Stranglers on the Shore

There are a number of bands I didn’t immediately sign up to when I first heard them: for example, Dire Straits and The Pet Shop Boys, both of which I now appreciate far more than when they first came on the scene (the fact that Neil Tennant sounds just like Al Stewart didn’t hurt either). I even disliked The Stranglers at the beginning, if you can believe it: I was at the time very wedded to prog-rock and disliked a lot of punk and ‘new wave’ on sight (iyswim.) But it didn’t take me long to come round, and by the time they released the divine Golden Brown where the intro skips a beat like a lovestruck heart, I was sold.

As a child my musical world consisted of church music and oddbits of classical which I learned on the piano. There were also tedious instrumentals played for church socials including the number I later knew as Stranger on the Shore, the very sound of which transports me back to a draughty church hall, the churchwarden and his wife doing a stately foxtrot. Finding Top of the Pops was an epiphany, and instantly I developed a taste for folk-rock (James Taylor, Carole King, Neil Young in his early incarnation) and prog-rock (Yes, Genesis, The Floyd). Like many people I’ve often tried to narrow down my eight choices for Desert Island Discs and found it impossible; I come up with different records every time. But today’s choices are:

Oh Jesus I Have Promised (the original music not the newfangled jolly tune which sadly I can’t find anywhere but I’m sure the BBC could) – this reminds me of the time the organist asked me my favourite hymn and played it on the organ.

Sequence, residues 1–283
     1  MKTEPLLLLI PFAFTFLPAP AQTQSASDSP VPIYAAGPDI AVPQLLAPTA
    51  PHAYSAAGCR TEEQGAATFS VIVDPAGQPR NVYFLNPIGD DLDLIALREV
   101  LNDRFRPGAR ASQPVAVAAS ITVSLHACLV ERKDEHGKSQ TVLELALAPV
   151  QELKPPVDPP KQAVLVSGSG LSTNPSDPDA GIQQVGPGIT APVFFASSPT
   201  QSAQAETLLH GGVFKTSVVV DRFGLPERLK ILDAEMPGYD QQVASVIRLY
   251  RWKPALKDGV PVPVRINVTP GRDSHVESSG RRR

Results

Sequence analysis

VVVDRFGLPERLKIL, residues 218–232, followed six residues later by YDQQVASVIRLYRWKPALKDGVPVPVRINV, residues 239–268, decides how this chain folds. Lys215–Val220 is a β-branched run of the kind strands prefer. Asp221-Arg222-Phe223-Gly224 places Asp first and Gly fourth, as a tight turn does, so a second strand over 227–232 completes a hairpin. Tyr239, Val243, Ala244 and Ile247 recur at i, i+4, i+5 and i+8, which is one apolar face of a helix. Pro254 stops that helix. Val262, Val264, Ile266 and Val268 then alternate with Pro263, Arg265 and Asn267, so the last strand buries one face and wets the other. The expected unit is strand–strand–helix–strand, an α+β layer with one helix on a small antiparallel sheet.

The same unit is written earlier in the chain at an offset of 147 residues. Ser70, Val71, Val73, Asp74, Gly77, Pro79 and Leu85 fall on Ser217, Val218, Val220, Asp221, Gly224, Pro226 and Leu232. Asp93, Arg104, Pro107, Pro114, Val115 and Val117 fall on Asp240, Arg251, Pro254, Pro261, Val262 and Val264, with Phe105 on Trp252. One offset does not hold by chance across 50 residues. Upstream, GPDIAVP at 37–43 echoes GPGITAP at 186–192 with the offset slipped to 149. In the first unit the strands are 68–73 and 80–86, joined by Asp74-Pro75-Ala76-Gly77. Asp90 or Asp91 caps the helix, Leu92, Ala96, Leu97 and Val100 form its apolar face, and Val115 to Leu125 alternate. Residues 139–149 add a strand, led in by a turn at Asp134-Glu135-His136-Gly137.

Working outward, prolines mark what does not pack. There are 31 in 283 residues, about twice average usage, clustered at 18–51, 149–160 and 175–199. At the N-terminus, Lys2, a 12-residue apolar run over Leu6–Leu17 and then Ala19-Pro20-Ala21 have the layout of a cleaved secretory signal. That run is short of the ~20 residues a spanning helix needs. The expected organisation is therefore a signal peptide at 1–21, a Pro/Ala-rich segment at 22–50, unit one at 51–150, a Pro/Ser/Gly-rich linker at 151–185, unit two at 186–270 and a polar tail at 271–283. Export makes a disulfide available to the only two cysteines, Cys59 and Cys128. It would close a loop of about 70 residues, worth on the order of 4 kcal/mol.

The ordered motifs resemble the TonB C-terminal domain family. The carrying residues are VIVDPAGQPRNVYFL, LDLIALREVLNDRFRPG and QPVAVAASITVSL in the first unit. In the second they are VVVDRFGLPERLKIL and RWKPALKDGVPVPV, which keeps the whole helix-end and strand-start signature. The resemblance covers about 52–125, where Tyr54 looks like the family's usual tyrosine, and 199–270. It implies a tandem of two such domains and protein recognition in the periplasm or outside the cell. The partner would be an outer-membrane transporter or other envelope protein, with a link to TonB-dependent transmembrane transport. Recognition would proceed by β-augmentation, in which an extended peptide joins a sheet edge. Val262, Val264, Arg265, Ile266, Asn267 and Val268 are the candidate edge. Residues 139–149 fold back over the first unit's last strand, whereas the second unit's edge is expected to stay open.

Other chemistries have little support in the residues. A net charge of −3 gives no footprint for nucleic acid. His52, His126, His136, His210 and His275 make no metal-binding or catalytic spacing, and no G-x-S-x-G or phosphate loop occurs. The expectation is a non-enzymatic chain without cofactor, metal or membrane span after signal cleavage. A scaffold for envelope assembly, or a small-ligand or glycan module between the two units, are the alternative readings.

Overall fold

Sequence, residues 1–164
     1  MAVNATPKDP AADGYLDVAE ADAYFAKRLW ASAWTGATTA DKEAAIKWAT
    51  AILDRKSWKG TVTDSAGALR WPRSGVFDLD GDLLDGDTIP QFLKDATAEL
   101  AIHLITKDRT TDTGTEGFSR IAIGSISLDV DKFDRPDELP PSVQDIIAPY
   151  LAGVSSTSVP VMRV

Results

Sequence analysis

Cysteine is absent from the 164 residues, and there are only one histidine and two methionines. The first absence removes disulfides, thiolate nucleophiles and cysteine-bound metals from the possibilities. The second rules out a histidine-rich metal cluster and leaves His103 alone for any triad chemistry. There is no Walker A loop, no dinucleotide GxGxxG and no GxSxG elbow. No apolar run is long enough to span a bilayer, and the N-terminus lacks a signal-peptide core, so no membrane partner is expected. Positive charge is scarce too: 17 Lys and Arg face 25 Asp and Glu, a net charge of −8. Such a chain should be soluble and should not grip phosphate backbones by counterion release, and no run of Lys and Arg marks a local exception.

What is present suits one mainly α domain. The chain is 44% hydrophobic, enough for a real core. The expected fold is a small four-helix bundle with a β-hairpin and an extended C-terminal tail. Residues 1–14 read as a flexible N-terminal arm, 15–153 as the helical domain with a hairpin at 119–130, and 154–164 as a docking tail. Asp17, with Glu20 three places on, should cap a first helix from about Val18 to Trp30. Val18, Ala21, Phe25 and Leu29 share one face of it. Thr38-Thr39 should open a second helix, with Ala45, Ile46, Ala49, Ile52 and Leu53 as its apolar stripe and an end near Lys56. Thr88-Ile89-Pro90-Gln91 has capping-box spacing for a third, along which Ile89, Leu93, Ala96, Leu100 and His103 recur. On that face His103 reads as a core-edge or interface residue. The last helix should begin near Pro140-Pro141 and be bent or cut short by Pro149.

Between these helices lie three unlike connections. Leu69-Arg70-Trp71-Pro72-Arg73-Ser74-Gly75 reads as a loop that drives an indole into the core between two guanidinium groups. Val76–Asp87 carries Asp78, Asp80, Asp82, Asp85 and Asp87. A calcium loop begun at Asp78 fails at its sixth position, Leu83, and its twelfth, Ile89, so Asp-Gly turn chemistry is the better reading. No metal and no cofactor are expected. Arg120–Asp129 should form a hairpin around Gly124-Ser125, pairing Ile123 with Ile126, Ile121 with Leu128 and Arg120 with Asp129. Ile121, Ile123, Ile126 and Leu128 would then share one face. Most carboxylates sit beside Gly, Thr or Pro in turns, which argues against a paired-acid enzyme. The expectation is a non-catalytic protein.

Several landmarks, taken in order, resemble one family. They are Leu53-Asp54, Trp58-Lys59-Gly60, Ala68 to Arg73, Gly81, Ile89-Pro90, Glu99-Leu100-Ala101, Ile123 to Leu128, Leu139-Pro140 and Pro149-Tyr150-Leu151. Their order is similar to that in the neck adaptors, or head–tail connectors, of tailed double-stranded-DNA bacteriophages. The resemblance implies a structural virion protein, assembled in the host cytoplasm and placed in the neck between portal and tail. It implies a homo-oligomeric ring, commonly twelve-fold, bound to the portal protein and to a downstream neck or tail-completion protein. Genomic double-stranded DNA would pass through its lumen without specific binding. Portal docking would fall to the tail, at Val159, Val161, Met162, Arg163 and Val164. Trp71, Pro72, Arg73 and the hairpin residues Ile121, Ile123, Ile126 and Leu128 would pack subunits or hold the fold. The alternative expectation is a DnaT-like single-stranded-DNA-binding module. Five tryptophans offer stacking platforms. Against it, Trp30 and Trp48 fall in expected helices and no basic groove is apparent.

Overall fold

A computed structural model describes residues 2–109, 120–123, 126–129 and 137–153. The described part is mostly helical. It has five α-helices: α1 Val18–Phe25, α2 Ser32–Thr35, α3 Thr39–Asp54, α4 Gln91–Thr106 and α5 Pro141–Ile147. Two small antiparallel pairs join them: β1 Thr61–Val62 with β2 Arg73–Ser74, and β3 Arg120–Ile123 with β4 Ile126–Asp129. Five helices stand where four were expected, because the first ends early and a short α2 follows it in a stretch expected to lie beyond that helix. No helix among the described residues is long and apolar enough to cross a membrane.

Leonard Cohen: Suzanne. This reminds me of the first time I heard Cohen, in a classroom in 1972.

Argent: Hold Your Head Up

Gerry Rafferty: Baker St

Anderson and Vangelis: Somehow I’ll Find My Way Home (very apt, eh?)

Bob Marley: Jammin. I went to see Bob Marley in 1980; he was already ill and shortly to die of cancer, though we didn’t know it at the time.

Carole King: It’s Too Late

Leonard Cohen: If It Be Your Will

And the one I’d save from the waves? The last one, which I also would like played at my funeral. There’s also this version, which I love.

What would your Desert Island Discs be?

Kirk out

One thought on “Stranglers on the Shore

  1. 1) Wagner. -Quintet from Act lll of Die Meistersinger Von Nurnberg (castaway’s favourite)

    2) Caesar Franck – Canon from Violin Sonata

    3) Lush Life – Johnny Hartman/John Coltrane & Trio

    4) Mathilde – Jacques Brel

    5) It’s Raining Today – Scott Walker

    6) Bruckner – Adagio from Symphony No.8

    7) Richard Harris – MacArthur Park (despite what people say, this is a work of genius and anyone who wants to slag it off, answers to me!)

    8) Edison Lighthose – Love Grows Where My Rosemary Goes (the perfect pop song: everything about it hits the spot, right down to the ‘hey!’on the repeated middle eight).

    I would’ve included Cohen but if I did that, Wagner might walk……. My favourite Cohen songs are (probably) Seems So Long Ago, Nancy, Last Year’s Man and Dress Rehearsal Rag. I think they are also his three bleakest songs – he never performed hte second live and only performed the third live once (for the BBC).

    I also like If It Be Your Will, which comes from a despairing point in the author’s life (his common-law wife had thrown him over, his mother had recently died and he was worried that he might never see his children again). It’s message can be summed up as: “OK, here are the car keys – YOU drive.’

    The Stranglers weren’t really punk at all – they were both too old and too skilled. Hugh Cornwell was also a bit too posh and far too well-educated and he modelled himself on the Doors’ Robbie Krieger. If you listen to Down In The Sewer, ti’s basically ‘prog with attitude’. I love their ‘scary’ version of Walk On By.

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